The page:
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GLAAD discusses the support that black churches and pastors have given to the movement for marriage equality.
Tomorrow, November 6, is Election Day. Unless you have voted early, or sent in your absentee ballot, we need you to vote. Our elected officials determine the future of LGBT equality for years to come, whether it is a local non-discrimination ordinance, a police force that understands the lives of LGBT people, statewide hate crime legislation, or the federal Defense of Marriage Act.
Despite national attention on voter suppression, transgender voters still face unprecedented efforts to thwart their right to vote come Tuesday.
New England values do include a lot of tradition. But that tradition comes from deeper values. Family. Community. Respect. Dignity. Freedom. Faith. Marriage strengthens families. Strong families strengthen communities. Strong communities endure. And nobody knows that better than we do.
As we get closer to Election Day, and as marriage equality hangs in the balance in Minnesota, Maryland, Maine, and Washington, we turn to voices we trust. More and more pro-LGBT voices of faith are leading the charge to pass marriage referenda, or at least stop the march of discrimination.
GLAAD and Equality Matters today called on the media in Maine, Maryland, Minnesota, Washington and around the country to bring attention to the falsehoods present in anti-LGBT "scare" ads running in the four states with marriage on the ballot on Tuesday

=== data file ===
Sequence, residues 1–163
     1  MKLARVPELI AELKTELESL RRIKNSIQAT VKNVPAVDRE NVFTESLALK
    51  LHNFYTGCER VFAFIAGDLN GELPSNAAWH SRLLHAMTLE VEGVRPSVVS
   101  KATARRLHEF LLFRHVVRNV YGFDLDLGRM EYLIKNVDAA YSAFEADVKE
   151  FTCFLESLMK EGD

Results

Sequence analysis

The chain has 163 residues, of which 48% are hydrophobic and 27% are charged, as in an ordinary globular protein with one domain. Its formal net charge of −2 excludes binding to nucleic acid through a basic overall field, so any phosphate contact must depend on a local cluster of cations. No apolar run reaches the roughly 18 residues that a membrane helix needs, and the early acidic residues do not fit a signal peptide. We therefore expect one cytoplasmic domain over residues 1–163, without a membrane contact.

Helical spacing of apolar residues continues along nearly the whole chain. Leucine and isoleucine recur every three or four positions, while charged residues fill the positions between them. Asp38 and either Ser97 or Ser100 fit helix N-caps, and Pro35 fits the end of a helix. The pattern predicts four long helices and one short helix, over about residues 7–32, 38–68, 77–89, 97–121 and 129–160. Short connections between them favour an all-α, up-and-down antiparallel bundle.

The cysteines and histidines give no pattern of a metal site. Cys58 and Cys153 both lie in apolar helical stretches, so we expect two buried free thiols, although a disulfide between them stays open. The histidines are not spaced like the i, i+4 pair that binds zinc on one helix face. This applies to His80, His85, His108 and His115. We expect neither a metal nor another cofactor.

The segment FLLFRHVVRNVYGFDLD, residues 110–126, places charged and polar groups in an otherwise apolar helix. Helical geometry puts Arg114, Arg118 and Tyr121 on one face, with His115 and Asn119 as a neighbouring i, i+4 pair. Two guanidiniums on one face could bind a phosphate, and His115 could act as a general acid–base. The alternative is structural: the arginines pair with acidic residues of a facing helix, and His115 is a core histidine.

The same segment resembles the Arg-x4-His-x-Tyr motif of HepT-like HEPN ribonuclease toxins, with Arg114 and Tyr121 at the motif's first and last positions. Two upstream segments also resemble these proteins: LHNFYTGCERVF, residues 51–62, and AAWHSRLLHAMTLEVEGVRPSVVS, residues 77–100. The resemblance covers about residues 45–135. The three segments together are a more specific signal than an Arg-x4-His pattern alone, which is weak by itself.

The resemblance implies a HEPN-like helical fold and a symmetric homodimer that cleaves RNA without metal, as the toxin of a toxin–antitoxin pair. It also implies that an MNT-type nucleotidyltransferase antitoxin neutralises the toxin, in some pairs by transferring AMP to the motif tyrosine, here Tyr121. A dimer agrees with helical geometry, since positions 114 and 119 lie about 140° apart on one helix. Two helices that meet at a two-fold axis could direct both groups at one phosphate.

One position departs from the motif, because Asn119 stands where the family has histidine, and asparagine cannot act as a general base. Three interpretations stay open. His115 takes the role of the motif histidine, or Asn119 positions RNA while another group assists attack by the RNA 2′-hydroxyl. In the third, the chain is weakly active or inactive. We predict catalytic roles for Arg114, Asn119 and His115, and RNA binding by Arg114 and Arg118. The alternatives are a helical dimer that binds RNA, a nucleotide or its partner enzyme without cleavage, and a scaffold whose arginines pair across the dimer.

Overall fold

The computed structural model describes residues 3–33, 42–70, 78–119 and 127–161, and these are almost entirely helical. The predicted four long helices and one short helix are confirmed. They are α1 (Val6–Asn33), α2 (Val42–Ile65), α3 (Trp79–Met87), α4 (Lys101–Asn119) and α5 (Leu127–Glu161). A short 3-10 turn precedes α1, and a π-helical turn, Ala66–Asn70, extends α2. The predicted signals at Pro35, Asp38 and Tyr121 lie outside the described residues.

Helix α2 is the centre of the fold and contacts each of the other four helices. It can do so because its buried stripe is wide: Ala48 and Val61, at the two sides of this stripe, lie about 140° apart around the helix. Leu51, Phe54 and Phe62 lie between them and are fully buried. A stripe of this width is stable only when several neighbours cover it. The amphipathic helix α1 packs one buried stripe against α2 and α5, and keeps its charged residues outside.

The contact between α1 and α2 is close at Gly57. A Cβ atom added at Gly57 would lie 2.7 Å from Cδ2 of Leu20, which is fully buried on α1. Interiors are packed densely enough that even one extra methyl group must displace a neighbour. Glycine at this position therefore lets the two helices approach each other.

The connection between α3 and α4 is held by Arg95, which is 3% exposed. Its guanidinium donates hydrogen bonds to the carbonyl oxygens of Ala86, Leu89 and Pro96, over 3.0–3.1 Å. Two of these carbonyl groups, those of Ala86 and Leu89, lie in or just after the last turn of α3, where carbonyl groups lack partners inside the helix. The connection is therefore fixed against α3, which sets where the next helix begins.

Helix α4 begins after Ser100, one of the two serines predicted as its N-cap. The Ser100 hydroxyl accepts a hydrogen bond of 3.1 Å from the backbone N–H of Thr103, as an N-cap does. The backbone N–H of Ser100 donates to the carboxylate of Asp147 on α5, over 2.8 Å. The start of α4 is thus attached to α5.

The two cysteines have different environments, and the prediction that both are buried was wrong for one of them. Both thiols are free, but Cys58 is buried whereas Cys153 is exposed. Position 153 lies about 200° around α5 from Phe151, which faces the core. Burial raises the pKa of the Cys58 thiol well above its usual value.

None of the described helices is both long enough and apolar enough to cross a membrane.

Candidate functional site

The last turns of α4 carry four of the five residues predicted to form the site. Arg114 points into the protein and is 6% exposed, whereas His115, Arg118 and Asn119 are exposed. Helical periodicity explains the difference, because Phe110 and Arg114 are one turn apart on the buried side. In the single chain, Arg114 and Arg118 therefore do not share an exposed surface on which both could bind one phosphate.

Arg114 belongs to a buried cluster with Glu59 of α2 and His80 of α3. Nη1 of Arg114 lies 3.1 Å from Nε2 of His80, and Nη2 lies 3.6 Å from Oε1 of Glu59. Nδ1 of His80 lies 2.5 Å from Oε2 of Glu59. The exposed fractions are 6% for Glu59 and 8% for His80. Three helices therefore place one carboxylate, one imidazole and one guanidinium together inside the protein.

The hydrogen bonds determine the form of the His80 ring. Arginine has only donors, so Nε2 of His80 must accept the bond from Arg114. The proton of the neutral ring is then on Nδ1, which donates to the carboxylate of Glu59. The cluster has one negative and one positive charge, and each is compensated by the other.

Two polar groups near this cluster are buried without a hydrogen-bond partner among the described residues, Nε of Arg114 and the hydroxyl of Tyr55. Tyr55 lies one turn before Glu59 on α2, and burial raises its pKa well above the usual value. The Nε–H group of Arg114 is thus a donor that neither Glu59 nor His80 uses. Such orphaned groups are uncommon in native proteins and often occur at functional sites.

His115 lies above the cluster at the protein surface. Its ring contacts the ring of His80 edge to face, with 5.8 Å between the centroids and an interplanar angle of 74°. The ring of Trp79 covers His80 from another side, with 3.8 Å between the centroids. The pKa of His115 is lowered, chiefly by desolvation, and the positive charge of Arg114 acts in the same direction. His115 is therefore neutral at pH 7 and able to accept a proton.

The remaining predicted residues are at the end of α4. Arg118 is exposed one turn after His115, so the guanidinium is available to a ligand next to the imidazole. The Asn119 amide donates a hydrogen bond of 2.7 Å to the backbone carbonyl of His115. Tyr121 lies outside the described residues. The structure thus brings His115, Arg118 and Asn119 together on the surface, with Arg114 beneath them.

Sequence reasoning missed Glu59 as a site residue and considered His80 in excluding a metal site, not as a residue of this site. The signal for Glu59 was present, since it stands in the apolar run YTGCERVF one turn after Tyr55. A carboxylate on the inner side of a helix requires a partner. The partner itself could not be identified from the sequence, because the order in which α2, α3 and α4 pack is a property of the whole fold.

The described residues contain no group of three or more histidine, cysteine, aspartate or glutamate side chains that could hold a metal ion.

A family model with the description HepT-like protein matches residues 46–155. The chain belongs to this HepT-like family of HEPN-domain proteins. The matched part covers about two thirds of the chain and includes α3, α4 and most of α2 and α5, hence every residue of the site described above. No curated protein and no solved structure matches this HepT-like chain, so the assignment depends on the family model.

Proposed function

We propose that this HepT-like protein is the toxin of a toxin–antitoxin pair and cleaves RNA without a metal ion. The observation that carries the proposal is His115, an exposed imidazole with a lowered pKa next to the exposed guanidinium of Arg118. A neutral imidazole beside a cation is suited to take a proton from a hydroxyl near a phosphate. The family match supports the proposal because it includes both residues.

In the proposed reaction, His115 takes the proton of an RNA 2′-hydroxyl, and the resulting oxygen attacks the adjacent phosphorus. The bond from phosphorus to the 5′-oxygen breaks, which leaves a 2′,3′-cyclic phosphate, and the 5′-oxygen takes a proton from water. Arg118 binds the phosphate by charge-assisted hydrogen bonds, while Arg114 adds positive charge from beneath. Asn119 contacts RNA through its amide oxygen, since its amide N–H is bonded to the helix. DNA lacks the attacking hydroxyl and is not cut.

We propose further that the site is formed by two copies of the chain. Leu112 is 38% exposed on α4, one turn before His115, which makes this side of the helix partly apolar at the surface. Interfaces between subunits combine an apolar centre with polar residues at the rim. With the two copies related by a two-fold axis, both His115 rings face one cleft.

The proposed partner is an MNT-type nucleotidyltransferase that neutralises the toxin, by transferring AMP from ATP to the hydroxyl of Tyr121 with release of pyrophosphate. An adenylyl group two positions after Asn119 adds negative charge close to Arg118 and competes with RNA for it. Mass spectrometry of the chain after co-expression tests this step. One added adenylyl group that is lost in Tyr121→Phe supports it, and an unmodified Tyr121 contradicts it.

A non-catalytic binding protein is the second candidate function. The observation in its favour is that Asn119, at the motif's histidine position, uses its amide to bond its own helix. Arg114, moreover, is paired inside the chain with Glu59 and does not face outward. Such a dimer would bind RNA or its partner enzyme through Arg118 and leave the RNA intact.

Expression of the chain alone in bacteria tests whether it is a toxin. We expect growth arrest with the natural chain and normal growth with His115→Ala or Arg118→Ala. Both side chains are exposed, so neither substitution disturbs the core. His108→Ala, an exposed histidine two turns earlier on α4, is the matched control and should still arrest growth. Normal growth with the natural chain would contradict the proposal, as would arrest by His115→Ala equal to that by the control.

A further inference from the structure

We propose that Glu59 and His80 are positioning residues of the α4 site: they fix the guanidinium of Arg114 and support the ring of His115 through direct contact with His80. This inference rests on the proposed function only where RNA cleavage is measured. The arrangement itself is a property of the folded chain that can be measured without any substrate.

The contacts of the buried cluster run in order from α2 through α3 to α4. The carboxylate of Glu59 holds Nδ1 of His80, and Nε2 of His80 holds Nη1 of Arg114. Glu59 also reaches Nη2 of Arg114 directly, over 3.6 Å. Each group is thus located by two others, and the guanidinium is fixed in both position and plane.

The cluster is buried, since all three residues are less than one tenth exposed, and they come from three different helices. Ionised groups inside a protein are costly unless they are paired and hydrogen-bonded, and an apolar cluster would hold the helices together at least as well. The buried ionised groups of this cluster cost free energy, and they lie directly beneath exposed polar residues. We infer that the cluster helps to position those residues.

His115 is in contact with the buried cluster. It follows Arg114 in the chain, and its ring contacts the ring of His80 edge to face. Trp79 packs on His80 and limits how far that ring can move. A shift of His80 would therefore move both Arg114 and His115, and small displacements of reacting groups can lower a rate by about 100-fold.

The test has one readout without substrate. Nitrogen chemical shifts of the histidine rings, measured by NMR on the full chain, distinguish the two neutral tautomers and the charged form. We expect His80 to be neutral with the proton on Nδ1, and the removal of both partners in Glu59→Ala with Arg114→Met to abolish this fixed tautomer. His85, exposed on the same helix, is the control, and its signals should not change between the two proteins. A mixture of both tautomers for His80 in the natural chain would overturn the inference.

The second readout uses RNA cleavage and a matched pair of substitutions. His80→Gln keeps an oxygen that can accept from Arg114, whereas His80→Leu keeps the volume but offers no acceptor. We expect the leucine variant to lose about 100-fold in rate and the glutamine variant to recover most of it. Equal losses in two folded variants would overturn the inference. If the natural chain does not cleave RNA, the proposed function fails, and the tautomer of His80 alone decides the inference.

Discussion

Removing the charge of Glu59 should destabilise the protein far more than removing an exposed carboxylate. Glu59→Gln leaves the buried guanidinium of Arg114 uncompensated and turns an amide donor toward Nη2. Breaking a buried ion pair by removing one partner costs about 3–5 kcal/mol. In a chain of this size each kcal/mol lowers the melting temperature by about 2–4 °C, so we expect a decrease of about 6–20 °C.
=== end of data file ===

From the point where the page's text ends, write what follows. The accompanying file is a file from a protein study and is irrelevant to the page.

GLAAD gives an overview of the campaign in Maryland and urges voters to excercize their civic duty and vote FOR Question 6 to protect the rights of all families in Maryland.
Given that Maine voters are once again going to be voting on marriage equality at the ballot box, it bears looking at what happened in 2009, when polls indicated that marriage equality would emerge victorious. Why was a higher-than-anticipated turnout bad news? And what lessons can we learn from that to make sure we don't fall into the same trap again?
As November 6 approaches, advocates for marriage equality in Maine, Maryland, and Washington are working hard to ensure that ballot questions that would legalize marriage for gay and lesbian couples pass, while supporters in Minnesota work hard against a constitutional amendment that would ban marriage equality.
The New York Times profiled a straight Chicago couple whose support for marriage equality was strongly on display during their wedding.